Adobe has issued a security alert about its Flash software that is vulnerable to a practice known as 'clickjacking'.
Clickjacking involves subverting a web page so that when a visitor clicks on a link they are redirected to a site the hacker wants them to see. It is a variant of cross-site scripting attacks but appears to be more serious.
Details of the attack were due to be published at the OWASP NYC AppSec 2008 Conference but the talk was withheld at Adobe's request until a workaround could be developed.
Jeremiah Grossman, co-founder of Whitehat Security, and one of the researchers who uncovered the technique, said in a blog posting: "Let's be clear. The responsibility of solving clickjacking does not rest solely at the feet of Adobe as there is a ton of moving parts to consider.
"Everyone including browser vendors, Adobe (plus other plug-in vendors), website owners (framebusting code) and web users (NoScript) all need their own solutions in case the others don't do enough or anything at all."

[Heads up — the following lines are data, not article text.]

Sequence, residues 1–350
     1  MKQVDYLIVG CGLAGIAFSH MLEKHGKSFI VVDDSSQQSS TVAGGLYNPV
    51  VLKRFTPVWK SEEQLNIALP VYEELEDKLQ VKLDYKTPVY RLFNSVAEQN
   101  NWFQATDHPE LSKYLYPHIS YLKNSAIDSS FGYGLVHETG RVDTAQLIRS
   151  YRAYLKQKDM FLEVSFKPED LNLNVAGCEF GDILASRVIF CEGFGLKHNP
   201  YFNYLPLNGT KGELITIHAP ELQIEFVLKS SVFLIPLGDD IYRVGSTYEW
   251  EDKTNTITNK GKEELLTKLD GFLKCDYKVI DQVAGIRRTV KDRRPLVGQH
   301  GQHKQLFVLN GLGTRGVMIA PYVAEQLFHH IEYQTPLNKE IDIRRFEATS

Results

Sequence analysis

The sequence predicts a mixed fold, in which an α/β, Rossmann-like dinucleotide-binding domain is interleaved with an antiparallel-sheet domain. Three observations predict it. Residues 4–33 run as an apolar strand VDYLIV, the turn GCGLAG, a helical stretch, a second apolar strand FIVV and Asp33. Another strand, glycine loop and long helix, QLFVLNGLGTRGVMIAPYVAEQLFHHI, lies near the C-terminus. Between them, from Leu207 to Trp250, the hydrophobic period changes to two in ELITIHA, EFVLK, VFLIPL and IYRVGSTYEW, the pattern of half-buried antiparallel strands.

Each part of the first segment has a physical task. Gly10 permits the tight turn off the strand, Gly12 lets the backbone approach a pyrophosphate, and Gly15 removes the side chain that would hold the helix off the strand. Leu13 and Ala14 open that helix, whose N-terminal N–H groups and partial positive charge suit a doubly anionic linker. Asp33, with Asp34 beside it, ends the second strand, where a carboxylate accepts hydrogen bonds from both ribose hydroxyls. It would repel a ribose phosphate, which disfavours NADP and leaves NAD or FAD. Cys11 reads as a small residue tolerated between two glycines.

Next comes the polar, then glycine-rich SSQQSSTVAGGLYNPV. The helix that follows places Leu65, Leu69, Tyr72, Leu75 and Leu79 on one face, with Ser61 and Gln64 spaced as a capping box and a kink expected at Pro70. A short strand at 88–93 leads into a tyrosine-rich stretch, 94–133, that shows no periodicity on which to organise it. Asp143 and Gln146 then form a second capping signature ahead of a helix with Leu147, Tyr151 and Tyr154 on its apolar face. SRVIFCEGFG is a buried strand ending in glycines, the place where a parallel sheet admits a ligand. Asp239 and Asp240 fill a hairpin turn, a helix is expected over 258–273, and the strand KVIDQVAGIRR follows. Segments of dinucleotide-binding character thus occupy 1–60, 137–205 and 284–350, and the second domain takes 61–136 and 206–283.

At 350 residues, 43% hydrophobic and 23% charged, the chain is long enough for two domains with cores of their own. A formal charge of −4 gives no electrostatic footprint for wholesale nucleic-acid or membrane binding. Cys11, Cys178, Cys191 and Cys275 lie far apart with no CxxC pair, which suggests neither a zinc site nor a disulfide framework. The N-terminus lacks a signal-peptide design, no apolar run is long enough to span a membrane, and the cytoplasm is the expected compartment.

Grossman warned that almost all browsers are vulnerable because of the way they process graphics, and only text-based browsers like Lynx are secure.
The researcher has demonstrated how a hacked Flash advert could be used to take control of a computer's webcam and microphone, for example, turning it into a surveillance device.
"With clickjacking attackers can do quite a lot. Some things that could be pretty spooky. Things also performed, with a fair amount of ingenuity, quite easily," he said.
The US Computer Emergency Response Team has also issued a warning on the practice, and browser manufacturers are scrambling to come up with a method of defeating the attacks.
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